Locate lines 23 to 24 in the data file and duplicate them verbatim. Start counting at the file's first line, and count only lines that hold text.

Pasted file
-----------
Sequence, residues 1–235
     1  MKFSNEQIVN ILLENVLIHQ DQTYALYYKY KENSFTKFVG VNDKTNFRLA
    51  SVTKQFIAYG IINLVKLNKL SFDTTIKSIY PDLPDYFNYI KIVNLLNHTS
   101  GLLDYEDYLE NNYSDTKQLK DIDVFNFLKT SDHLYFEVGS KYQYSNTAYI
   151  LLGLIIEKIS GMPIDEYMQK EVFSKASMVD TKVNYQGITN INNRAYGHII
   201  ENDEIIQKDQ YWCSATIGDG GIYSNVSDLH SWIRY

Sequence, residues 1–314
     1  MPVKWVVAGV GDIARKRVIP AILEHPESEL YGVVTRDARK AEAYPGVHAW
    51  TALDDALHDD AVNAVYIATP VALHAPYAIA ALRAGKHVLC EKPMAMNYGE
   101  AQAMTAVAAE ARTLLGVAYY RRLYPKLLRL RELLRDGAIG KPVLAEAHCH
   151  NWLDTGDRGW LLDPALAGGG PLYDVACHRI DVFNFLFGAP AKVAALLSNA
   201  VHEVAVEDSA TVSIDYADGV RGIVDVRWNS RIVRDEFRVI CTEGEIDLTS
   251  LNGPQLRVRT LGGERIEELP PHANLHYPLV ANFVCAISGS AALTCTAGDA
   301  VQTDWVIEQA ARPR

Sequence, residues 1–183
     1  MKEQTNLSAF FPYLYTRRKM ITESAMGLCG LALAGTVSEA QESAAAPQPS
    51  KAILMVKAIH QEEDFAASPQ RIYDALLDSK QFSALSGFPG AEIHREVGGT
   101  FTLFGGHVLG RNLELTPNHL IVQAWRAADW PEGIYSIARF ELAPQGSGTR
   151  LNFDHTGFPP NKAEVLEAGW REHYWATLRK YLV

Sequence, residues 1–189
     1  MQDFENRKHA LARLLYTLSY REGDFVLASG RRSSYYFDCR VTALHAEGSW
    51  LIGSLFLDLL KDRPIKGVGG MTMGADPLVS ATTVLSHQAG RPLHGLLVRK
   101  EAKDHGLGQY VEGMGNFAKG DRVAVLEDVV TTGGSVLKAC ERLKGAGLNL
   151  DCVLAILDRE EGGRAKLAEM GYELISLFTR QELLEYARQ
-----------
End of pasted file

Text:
   101  EAKDHGLGQY VEGMGNFAKG DRVAVLEDVV TTGGSVLKAC ERLKGAGLNL
   151  DCVLAILDRE EGGRAKLAEM GYELISLFTR QELLEYARQ